Palaeontology: Ancient African skull sheds light on American crocodile origins
The extinct African crocodile species Crocodylus checchiai may be closely related to American crocodile species alive today, according to a study published in Scientific Reports. The findings suggest that crocodiles may have migrated from Africa to America during the Late Miocene epoch (11-5 million years ago).
Prior to this discovery it was unclear whether crocodiles reached the Americas from Africa, via a hypothesized transatlantic voyage, or vice-versa. Massimo Delfino and colleagues used CT imaging to re-examine a skull of C. checchiai stored at the Earth Sciences museum MUST of Sapienza University of Rome, that was discovered in 1939 in As Sahabi, Libya. The authors identified several new skull structures including a protrusion in the middle of the snout of C. checchiai that has not been identified on any other African crocodile species but that is present on the skulls of the four living American crocodile species Crocodylus intermedius, C. moreleti, C. acutus and C. rhombifer. This shared skeletal structure indicates a close evolutionary relationship between C. checchiai and American crocodiles.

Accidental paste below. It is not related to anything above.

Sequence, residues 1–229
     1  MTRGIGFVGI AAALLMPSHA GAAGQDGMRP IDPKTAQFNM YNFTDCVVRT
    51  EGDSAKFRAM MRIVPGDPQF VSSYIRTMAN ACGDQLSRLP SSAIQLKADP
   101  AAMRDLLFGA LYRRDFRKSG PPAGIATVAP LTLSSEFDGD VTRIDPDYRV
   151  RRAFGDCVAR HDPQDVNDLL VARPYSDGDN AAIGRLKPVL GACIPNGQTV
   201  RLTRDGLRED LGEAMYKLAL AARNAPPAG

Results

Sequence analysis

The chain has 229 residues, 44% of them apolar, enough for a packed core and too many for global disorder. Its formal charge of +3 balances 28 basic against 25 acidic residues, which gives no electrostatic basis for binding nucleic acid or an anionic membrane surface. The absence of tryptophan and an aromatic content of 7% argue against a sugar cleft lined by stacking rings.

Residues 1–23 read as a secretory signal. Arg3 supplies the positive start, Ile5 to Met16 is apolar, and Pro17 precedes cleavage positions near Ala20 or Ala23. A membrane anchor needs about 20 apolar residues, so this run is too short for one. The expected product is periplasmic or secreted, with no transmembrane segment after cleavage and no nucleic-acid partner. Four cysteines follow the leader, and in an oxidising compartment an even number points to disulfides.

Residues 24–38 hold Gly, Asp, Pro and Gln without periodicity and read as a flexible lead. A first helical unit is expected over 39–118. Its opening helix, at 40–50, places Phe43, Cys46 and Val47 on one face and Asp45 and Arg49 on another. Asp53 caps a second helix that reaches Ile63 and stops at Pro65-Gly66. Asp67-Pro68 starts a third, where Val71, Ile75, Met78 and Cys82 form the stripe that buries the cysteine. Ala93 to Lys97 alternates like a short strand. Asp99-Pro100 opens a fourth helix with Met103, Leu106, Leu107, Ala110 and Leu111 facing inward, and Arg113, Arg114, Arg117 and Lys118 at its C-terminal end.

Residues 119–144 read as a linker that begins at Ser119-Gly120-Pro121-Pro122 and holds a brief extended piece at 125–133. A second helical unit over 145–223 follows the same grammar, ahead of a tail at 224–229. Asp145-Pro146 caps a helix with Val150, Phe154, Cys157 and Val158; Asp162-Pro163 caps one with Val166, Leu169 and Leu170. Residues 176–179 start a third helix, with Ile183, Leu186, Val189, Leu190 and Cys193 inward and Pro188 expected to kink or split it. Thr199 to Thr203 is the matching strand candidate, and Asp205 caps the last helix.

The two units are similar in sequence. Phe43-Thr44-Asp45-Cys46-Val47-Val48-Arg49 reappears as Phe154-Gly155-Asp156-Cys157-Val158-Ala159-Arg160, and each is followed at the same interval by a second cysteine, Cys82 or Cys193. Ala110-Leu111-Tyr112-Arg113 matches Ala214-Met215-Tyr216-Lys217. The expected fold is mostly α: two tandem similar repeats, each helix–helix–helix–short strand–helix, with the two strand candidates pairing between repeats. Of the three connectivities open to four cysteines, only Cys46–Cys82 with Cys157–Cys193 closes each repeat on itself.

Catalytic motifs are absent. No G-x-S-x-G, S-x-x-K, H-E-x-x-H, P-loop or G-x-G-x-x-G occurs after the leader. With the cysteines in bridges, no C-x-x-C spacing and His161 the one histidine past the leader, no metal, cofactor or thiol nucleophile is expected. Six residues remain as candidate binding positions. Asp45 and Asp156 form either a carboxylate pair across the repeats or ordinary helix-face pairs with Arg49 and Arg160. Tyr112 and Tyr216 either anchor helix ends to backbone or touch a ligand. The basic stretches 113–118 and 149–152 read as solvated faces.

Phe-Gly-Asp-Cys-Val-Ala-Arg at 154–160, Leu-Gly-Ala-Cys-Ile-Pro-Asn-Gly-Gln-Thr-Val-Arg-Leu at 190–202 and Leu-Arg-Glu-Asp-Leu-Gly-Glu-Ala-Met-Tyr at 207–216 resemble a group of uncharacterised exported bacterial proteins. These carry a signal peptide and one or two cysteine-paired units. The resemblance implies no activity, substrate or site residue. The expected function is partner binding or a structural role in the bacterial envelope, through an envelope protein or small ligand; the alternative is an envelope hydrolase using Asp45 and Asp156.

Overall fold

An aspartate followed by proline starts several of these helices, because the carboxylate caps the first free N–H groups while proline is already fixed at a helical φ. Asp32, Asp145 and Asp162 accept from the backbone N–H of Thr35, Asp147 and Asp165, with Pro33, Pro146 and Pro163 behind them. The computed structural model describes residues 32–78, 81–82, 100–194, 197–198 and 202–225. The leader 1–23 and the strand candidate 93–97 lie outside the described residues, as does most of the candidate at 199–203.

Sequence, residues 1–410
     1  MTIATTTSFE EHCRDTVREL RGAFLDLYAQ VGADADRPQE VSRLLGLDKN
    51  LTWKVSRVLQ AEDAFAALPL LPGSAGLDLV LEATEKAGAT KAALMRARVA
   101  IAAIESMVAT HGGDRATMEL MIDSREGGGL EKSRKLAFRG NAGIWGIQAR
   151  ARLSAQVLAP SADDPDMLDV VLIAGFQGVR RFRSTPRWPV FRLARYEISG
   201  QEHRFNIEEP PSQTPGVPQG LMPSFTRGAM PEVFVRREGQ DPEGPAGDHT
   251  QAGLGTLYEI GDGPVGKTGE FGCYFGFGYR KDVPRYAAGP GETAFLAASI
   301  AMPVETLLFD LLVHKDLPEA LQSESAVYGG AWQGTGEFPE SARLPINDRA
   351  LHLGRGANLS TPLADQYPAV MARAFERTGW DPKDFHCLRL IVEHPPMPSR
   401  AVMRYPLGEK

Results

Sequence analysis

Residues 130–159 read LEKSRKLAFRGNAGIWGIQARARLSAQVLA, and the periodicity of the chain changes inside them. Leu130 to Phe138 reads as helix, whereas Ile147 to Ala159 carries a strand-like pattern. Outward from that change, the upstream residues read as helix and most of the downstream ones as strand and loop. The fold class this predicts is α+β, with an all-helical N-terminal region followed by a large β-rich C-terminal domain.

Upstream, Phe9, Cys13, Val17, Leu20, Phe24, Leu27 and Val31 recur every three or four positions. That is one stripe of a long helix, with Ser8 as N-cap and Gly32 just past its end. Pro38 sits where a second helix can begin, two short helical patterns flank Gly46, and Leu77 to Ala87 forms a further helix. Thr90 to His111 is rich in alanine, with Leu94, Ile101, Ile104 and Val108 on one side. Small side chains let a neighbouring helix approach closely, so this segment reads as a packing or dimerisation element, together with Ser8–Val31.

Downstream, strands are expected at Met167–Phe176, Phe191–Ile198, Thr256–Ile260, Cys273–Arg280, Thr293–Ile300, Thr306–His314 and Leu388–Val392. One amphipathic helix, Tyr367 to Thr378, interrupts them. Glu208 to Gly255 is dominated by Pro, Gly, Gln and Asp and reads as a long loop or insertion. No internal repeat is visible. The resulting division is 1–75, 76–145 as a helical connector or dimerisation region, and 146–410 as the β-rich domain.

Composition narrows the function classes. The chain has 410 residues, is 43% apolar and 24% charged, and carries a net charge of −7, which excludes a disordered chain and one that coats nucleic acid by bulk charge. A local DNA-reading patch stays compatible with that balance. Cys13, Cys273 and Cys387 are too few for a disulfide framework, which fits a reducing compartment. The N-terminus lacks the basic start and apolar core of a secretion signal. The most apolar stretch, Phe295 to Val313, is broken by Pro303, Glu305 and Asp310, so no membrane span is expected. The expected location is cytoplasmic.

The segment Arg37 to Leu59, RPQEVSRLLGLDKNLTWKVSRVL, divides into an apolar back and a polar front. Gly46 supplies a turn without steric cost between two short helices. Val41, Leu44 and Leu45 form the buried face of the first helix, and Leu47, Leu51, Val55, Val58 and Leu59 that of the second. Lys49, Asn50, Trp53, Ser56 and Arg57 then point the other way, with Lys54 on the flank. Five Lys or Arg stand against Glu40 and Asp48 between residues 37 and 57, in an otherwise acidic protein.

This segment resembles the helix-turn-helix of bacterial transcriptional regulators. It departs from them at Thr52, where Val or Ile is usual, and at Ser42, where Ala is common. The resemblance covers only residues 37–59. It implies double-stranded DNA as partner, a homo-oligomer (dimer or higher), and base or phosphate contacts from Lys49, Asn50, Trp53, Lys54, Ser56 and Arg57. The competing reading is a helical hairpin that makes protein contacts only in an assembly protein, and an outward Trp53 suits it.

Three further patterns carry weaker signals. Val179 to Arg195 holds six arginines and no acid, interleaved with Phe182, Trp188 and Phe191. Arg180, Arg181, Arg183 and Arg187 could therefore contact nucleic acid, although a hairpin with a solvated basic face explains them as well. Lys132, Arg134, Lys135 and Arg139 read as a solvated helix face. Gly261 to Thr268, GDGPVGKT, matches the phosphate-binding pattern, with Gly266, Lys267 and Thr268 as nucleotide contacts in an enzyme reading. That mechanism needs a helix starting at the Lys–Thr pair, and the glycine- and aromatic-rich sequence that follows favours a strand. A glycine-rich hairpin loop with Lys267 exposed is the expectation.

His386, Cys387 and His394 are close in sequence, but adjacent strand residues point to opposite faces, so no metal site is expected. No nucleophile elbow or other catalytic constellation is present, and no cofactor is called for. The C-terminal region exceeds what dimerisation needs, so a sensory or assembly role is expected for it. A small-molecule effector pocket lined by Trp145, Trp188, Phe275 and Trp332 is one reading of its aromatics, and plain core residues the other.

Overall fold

Further analyses of the evolutionary relationships between species suggest that C. checchiai may be part of the same lineage as the four crocodile species found in North and South America today. The remains of C. checchiai have been dated to around seven million years ago while the oldest remains of an American crocodile, the extinct C. falconensis, have been dated to around five million years ago. Based on these findings, the authors propose that crocodiles reached America by migrating westwards from Australasia via Africa.
Article and author details
Old African fossils provide new evidence for the origin of the American crocodiles
University of Turin, Turin, Italy
Sapienza University of Rome, Rome, Italy
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